In Raleigh, the conservatives are confidently progressive and the progressives are desperately conservative.
The modern-day conservatives who inhabit the General Assembly, the executive branch and other institutions believe that the state’s best days still lay ahead. But they recognize that North Carolina’s traditional public policies have to change before progress is possible.
They know that North Carolina’s economy hasn’t just been suffering since 2007. They know that the Tar Heel State has been lagging behind the rest of the South and nation for decades. While respecting the intentions and accomplishments of past generations of North Carolina leaders, today’s conservatives embrace the need for a fundamental change of direction.
That’s why conservatives favor a major rewrite of the state’s complicated, anti-competitive tax code. That’s why they favor regulatory reform to encourage business starts and expansions. That’s why they favor structural reforms of the state’s ineffective economic development, transportation and Medicaid programs. That’s why they favor education reforms that set higher standards, reward high performance and expand choice and competition.
These agenda items are not prejudices, political talking points or passing whims. They are sound policy alternatives grounded in sound theory, empirical data and the practical experience of other states and nations that have enjoyed greater progress and economic success in recent years. While venerating the state’s rich and instructive history, North Carolina conservatives are open to new ideas and are willing to look far beyond the state’s borders to find them.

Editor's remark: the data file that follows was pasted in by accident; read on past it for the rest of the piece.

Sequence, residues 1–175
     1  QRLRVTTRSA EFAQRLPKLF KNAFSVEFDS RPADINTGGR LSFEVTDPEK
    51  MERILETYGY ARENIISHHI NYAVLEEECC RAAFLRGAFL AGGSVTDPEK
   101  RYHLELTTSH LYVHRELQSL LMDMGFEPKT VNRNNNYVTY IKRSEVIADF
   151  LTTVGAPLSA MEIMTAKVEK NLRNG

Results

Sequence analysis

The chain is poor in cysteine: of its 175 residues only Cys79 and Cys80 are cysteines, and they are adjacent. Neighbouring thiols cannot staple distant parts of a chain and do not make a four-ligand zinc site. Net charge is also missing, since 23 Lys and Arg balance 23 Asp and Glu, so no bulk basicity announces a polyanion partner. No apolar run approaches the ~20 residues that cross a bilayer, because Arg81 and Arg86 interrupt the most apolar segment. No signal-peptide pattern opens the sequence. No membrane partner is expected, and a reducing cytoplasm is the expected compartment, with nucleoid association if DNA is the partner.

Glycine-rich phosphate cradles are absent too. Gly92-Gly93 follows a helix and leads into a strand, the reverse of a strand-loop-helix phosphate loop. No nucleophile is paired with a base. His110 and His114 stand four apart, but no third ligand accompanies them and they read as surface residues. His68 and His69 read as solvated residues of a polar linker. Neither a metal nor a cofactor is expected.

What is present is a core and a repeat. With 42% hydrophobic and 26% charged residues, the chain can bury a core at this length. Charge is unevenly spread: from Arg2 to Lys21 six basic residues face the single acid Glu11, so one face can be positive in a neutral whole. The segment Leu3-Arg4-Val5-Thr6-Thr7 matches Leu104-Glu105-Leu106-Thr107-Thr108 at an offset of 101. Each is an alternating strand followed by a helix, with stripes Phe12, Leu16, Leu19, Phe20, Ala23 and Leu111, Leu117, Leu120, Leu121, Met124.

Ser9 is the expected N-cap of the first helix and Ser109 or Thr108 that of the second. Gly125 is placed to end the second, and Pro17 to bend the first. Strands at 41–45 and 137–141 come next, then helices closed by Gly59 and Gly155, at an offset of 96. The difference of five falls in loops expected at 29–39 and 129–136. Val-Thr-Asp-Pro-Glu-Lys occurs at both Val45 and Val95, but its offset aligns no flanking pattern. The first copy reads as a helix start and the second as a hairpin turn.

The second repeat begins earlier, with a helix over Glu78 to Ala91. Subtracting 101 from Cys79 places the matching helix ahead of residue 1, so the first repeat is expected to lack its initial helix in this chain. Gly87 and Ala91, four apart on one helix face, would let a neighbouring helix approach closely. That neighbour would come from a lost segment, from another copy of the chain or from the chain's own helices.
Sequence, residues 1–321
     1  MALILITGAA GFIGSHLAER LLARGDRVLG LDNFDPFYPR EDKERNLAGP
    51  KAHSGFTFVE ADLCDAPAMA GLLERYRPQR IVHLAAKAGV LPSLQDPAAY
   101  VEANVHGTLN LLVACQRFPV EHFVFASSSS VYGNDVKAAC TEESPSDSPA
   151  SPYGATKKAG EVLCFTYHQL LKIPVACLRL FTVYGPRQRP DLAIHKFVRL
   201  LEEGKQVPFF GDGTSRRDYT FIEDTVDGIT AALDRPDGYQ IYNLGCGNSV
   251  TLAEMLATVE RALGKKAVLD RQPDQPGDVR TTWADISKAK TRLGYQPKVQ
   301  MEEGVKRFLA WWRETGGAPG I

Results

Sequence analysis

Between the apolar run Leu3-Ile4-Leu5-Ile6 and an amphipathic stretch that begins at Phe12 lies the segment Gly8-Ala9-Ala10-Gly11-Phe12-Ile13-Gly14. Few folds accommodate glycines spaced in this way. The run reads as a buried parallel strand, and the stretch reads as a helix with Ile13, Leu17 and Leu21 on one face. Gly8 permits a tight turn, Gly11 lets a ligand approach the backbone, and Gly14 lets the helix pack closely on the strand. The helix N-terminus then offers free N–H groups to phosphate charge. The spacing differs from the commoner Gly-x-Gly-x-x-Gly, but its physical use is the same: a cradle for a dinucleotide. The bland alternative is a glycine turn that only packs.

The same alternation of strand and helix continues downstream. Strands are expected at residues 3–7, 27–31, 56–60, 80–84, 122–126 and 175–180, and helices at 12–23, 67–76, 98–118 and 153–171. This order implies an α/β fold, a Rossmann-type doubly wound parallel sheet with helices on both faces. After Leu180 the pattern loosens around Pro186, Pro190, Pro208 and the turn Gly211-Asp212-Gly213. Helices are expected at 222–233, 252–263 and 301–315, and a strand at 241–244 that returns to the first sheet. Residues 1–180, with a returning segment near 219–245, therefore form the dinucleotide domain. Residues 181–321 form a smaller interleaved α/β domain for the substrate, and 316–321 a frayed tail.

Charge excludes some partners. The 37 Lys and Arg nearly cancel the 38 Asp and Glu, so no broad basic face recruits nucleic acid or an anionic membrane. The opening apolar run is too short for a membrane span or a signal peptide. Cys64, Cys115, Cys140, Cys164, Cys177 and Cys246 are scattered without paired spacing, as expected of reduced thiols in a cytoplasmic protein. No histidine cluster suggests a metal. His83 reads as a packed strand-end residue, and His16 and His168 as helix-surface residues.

In contrast, the “progressives” who inhabit Raleigh’s legislative minority and liberal institutions tend to dwell in the past. They venerate public policies enacted decades ago, when times were very different, and seem unwilling to reconsider them in light of major changes in public policy in America and beyond. Two characteristic traits are inflexibility and insularity.
When confronted with a persistent problem, such as slow growth in rural counties, they defend the very policies and institutions that have supposedly been addressing the problem for years. And when presented with new ideas for reform and growth from other states and nations, they insist that North Carolina — lackluster economy and all — still deserves to be a teacher, not a student.
The image that comes to mind is the 40-year-old guy who lives around the corner with his parents, never quite lived up to his potential and spends his Saturday nights at the bar regaling his increasingly bored audience with tales of his prowess at high school football. You might have a soft spot for this fellow. But you are unlikely to lend much credence to his ruminations about the world.
Before you leap to your keypad and begin typing, I am well aware of the fact that not everyone in North Carolina politics fits neatly into the conservative/progressive inversion I’m describing.
There are some cranky conservatives who have let personal rivalries, pet peeves, media stunts or other distractions pull their focus away from promoting progress through fundamental reform of the state’s taxes, regulation, infrastructure and education system.
And there are some open-minded liberals who have recognized that the Democratic Party’s old formula for electoral success is no longer relevant to North Carolina’s economic and policy challenges, and have begun the hard work of developing a new formula for a new era.
In general, however, I think my inversion accurately conveys the political moment. Conservatives are confident about the future benefits of such ideas as lower marginal tax rates, energy exploration, greater accountability and competition in education, competitive contracting for Medicaid and other services and redirecting transportation dollars to congestion relief and economic growth.
They are also confident that most North Carolina voters agree with them about economic-growth policy, the death penalty and voter ID, for example, and welcome the opportunity to ask them in 2014.
Progressives, on the other hand, are pessimistic, despondent and often angry. I won’t deny that anger can be politically powerful. But it has to be married to something other than reflexive defense of the status quo.
—John Hood is president of the John Locke Foundation.